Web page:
By Caroline Schuck and Jane Wood.

Creative supervision encourages self reflection and self learning, through the use of attractive resources and experiential techniques. Our book, Inspiring Creative Supervision introduces numerous facilitation techniques such as narrative, drawings, charts, visualization and group work, and recommends the use of media such as toys, puppets, objets trouvé and picture postcards.

In creative supervision the supervisee, trainee or student is encouraged to actively re-create the original issue or situation using props and resources. For example, you might encourage a supervisee to re-create a scenario from the consulting room or classroom using objets trouvé. An interesting selection of items can be assembled at a moment’s notice or you can gather together a more permanent collection. You can add interest by including a variety of textures, weights, shapes, sizes and materials. Suitable objects might be seashells, coloured plastic bottle tops, pine cones, cotton reels, marbles, key rings, colourful erasers, pencil sharpeners, Christmas decorations and souvenirs.

When presented with this collection, you will notice that the atmosphere in the room changes. The supervisees or students relax and become excited, as if they have shifted from work mode into play. They become engrossed in choosing objects that represent the characteristics of their clients or colleagues. The choice of the objects and the placement of them reveal the dynamic of the relationship, as well as the atmosphere felt in the original situation.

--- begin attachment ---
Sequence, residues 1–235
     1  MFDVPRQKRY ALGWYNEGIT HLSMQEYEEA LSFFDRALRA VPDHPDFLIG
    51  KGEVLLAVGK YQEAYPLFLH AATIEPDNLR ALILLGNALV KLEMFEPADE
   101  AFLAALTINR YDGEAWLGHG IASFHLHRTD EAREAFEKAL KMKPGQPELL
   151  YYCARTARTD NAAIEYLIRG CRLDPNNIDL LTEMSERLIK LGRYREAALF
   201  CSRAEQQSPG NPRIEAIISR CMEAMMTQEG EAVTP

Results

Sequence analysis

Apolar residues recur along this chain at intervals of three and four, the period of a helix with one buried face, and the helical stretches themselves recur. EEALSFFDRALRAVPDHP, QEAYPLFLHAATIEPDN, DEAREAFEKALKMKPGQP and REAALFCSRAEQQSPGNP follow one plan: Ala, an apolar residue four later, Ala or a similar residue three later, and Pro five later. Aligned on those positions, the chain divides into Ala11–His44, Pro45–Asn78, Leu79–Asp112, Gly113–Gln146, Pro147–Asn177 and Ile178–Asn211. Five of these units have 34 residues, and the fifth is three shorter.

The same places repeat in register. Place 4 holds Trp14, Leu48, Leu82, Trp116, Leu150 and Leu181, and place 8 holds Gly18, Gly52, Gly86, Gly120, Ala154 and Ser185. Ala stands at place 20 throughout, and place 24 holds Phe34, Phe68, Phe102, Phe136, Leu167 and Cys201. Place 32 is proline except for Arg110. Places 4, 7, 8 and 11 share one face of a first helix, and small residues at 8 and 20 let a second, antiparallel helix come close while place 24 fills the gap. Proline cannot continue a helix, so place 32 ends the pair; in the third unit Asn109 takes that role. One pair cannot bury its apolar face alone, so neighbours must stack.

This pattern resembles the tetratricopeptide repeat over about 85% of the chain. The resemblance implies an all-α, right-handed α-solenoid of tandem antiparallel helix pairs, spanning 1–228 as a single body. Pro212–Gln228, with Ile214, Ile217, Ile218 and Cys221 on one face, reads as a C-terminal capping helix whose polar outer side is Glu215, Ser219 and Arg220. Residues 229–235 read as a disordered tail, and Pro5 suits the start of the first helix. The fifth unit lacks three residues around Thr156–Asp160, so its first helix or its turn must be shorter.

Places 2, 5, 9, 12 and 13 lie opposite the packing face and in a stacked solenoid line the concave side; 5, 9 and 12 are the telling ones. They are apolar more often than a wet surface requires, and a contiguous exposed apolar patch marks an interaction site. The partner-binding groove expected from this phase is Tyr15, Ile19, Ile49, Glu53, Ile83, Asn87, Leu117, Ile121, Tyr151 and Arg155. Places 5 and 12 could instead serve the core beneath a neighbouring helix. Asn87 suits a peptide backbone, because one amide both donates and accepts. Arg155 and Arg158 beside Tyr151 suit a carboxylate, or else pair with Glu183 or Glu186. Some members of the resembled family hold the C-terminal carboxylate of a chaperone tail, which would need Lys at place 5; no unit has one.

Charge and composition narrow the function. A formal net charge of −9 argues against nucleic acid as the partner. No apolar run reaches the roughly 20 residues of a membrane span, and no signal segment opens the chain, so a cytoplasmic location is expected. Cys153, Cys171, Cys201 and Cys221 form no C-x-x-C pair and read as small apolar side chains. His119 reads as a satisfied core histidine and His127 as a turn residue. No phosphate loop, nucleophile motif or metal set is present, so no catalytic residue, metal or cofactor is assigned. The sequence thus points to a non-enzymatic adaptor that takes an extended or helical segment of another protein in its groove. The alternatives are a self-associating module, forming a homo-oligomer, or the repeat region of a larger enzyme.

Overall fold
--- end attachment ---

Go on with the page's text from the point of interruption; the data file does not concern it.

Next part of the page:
As in all supervision there will be a parallel process and here it is revealed through the use of external objects rather than words.

The act of creation can be experienced in different ways – it might be meditative or energetic. It enables the supervisee to review their issues from a different perspective. The advantage of using stimulating external resources means that the supervisee can step back and become the observer of their own creation. Effectively they become their own supervisor to your meta supervisor.

When the supervisee sits back and relaxes, or looks around the room, you know that they have completed the scenario and are ready to receive feedback and then go into the discussion stage of the process. This might result in an action plan in which changes are made to the placement of the object trouvé, which will in turn change the real life relationship. Our book gives case study examples of this.

The focus of creative supervision is to enable the supervisee to self-reflect and open up their blind-sports. The supervisor no longer needs to be the guide, prescribing or informing the supervisee’s thoughts. Instead the supervisor becomes a gentle facilitator or catalyst providing the minimum intervention that enables the maximum change.

Copyright © Jessica Kingsley Publishers 2011.

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